Italy on election alert as Salvini’s permanent campaign rolls on

Matteo Salvini is Italy’s current deputy prime minister. (Bloomberg pic)

ROME: Matteo Salvini made the anti-immigrant League the biggest winner in Italy’s March election with a barrage of speeches, interviews, and constant tweeting about a supposed migrant crime wave, the European Union’s unfairness and the need to put Italians first.

Four months later, 45-year-old Salvini is deputy prime minister and de facto leader in a populist coalition government, but his campaign continues.

Last Saturday, he was demanding lower taxes and better pensions at a League festival near Verona. On Sunday, he was in Moscow to root against France at the World Cup final. Monday saw complaints about foreigners taking Italians’ jobs at an Adriatic resort. On Tuesday, he was bragging about a mafia crackdown, and on Wednesday, he met Egyptian President Abdel Fattah el-Sisi in Cairo. Everywhere, he spoke to cameras and tweeted.

In theory, Italy isn’t due an election for another five years. But Salvini’s perpetual motion, his disregard for the limits of his interior ministry brief, and his soaring popularity risk destabilising his uncomfortable alliance with the heterogenous, but more leftist, Five Star. Polls suggest a snap election could make Salvini prime minister.

“Populism needs permanent electoral campaigning, especially when it is not able to produce concrete policies,” said Massimiliano Panarari, a professor in the School of Government at Luiss University in Rome. “Salvini is also using it as a kind of training to be ready to face new elections at anytime.”

On Monday some 3,000 people turned up on a hot July evening to a rally in Silvi Marina, on Italy’s east coast, where speakers urged them to support the League in upcoming regional elections. Salvini took the stage in jeans and a blue T-shirt.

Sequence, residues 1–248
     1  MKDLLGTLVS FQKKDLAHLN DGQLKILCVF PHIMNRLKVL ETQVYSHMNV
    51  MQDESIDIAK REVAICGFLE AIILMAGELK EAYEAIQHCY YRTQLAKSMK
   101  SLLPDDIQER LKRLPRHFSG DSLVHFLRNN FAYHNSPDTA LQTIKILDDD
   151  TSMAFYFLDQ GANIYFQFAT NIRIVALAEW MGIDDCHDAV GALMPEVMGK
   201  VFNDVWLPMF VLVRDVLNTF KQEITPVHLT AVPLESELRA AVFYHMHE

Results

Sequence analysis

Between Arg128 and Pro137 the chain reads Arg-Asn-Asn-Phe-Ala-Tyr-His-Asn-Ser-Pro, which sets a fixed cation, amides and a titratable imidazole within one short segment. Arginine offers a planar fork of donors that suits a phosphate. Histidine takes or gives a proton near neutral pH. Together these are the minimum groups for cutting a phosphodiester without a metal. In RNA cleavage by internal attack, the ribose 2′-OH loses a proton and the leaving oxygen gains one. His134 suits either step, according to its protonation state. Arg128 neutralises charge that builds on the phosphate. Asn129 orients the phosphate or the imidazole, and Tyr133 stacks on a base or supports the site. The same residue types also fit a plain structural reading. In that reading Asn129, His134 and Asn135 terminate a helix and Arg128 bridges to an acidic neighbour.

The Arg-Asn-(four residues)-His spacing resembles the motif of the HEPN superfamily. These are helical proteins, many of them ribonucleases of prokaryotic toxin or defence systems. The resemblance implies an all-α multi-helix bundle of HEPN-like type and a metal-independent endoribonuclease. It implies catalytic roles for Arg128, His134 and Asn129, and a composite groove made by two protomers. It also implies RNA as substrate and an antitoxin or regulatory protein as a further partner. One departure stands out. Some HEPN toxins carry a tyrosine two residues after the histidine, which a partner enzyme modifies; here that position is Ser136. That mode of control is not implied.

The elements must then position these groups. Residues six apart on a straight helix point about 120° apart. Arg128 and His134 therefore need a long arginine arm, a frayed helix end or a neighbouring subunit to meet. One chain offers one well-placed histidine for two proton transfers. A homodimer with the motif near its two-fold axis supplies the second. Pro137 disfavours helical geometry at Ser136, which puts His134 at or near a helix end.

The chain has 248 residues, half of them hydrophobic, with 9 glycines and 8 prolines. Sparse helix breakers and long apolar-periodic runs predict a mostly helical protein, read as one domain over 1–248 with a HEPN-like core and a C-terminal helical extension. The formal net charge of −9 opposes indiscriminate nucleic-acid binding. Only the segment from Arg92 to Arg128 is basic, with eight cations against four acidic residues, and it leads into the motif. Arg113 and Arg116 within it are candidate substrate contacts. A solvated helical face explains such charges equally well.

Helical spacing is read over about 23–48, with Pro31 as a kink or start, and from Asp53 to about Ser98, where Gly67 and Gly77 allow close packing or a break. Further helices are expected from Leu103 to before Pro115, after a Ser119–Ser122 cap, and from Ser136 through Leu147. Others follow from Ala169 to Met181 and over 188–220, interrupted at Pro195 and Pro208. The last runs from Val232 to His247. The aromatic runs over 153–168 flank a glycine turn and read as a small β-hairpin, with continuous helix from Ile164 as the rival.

“I don’t like the fact that with 5 million Italians living in poverty we have to spend 5 billion euros (RM24 billion) a year for these migrants,” he said, mocking asylum-seekers for exaggerating the hardships they are escaping. “We will cut these funds and use them for Italians.”

“With fewer taxes, with fewer foreigners, with more security, we will once again be the most beautiful country in the world,” he said.

As he spoke, League workers handed out t-shirts. Signs everywhere said “Italy First.” Salvini’s Facebook page asks people to stick #iostoconsalvini or “I am with Salvini” on their homepage, and one of his two twitter accounts have kept the campaign slogan of “Salvini Prime Minister.”

Salvini has dominated press coverage in recent months, above all by barring humanitarian boats from docking in Italy with African migrants and winning pledges from other European countries to share the burden of migrants arriving on Italian shores. As well as his trip to Russia, he’s made a well-covered trip to Libya. In his talks with el-Sisi he discussed security cooperation and terrorism.

While Prime Minister Giuseppe Conte and Five Star leader Luigi Di Maio have occasionally managed to push back against some of his initiatives – a June call to register Roma people was judged beyond the pale – they have largely been obscured by Salvini’s media offensive.

The League took 17% of the popular vote for the lower house on March 4, way behind Five Star’s 33%, making Salvini in theory the junior partner in their coalition government. But recent surveys show Salvini overtaking his partner-cum-rival.

A SWG poll published July 9 gave the League 31% support, compared with 29% for Five Star. Instituto Noto gave Salvini a 56% approval rating on July 2, with Di Maio at 49% and other political leaders far behind.

“Both the League and the Five Star have a kind of permanent campaign operation,” Panarari said. “But Salvini has the upper hand.”